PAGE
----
With Unions, Informal Economy Workers Gain Rights

With Unions, Informal Economy Workers Gain Rights

Taxi drivers in Ghana, tortilla vendors in Honduras and Asian domestic workers in countries across the Gulf region—all are part of the world’s informal economy, comprising 2 billion workers or 61 percent of the global workforce.

Although informal economy workers create more than one-third of the world’s gross national product, most are either not covered or insufficiently covered by laws or working arrangements guaranteed to formal workers, and have little power to advocate for living wages and safe and secure work.

But by joining in unions or other worker associations, workers in the informal economy can gain the collective power they need to make change, according to a new International Labor Organization (ILO) study.

“Interactions Between Workers’ Organizations and Workers in the Informal Economy: A Compendium of Practice,” highlights 31 examples of how unions around the world have reached out to workers in the informal economy, improved their working conditions, and supported their transition into the formal economy.

“Most people enter the informal economy not by choice but as a consequence of a lack of opportunities in the formal economy and the absence of other means of livelihood,” according to the ILO’s 2015 Transition from the Informal to the Formal Economy Recommendation (No. 204). “The transition to formality is essential for inclusive development and decent work for all.”

Collective Power for 100,000 Zimbabwe Informal Economy Workers

The vast majority of workers in Africa, nearly 86 percent, depend on the informal economy to make a living.

While globally, more men (63 percent) than women (58 percent) work in informal employment, in regions such as sub-Saharan Africa, the reverse is true. In Africa, nearly 90 percent of employed women are in informal employment compared to 82 percent of men. Women working in the informal economy are often in more vulnerable situations than their male counterparts, for example, as domestic workers who labor in private homes away from the public.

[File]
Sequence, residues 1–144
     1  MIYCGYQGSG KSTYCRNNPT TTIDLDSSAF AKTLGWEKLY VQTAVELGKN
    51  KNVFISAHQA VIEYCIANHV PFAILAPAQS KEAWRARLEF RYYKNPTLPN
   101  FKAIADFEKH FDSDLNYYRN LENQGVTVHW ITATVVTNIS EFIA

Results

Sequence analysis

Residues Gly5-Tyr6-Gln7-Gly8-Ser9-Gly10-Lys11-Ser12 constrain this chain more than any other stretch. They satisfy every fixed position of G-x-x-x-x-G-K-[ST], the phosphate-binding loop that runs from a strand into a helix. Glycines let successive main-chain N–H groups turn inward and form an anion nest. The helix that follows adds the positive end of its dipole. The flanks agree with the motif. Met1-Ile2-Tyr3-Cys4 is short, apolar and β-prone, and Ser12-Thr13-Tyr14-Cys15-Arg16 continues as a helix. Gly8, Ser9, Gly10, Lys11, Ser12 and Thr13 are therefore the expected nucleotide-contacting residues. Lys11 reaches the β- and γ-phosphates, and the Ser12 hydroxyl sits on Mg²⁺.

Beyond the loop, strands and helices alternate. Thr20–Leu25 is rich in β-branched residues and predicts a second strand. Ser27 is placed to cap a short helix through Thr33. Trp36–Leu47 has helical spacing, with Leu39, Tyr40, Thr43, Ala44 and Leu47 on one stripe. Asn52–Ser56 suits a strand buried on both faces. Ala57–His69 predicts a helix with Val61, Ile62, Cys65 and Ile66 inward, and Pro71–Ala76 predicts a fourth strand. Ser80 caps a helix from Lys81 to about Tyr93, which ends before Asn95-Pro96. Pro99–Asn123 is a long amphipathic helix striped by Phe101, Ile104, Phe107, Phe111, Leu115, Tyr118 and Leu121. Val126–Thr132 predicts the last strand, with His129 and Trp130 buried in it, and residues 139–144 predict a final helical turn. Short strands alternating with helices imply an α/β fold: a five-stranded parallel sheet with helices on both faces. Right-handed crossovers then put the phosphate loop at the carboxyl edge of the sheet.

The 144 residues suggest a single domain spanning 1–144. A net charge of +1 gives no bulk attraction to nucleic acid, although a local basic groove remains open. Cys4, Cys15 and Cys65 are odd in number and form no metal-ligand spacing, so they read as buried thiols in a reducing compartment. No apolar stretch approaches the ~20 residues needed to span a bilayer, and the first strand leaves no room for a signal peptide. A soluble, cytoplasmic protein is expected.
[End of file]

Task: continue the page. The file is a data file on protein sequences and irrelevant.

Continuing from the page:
In Zimbabwe, where the proportion of informal employment is more than 94 percent of total employment (including agriculture), the Compendium of Practice explores how the Zimbabwe Congress of Trade Unions (ZCTU), undertook a pathbreaking partnership with informal economy workers to advocate for legal changes that would improve their working conditions and livelihoods.

In 2002, ZCTU, a Solidarity Center partner, joined with the Employers Confederation of Zimbabwe and the Ministry of Labor to form the Zimbabwe Chamber of Informal Economy Associations (ZCIEA). The association now has 30 territories, each with between five and 10 chapters of 500 informal economy members each. As of 2019, there were 100,000 members in 150 associations.

Market Vendors Harassed, Bullied by Authorities

One of the key challenges informal economy workers face in Zimbabwe is harassment and criminalization of the informal economy. Most informal workers often lack the required licenses to operate, which often cost more than they can pay or only can be procured in cities hundreds of miles from where they live.

As a result, informal workers report widespread harassment and bullying by authorities. In a 2016 ZCIEA survey, 81 percent of 514 informal workers said they have been bullied, with 22 percent specifying that the harassment involved both confiscation of goods and threats of violence. Some 36 percent noted the source of harassment stemmed both from the local authorities and the Zimbabwe Republic Police, the national police force of Zimbabwe.

In highlighting the Zimbabwe example among its case studies, the Compendium of Practice points to how ZCIEA has negotiated for and come into agreement with various local government authorities on new approaches, such as reviewing laws to regularize informal workers.

“ZCIEA has increased the engagement of informal economy workers in policy discussions,” according to the study.

Working with partners like ZCTU throughout the world, Solidarity Center provides trainings and programs to help informal economy workers better understand their rights, organize unions to mitigate job vulnerabilities, and learn to bargain for improved conditions and wages. We connect workers with unions, legal services and pro-worker organizations to challenge exploitation.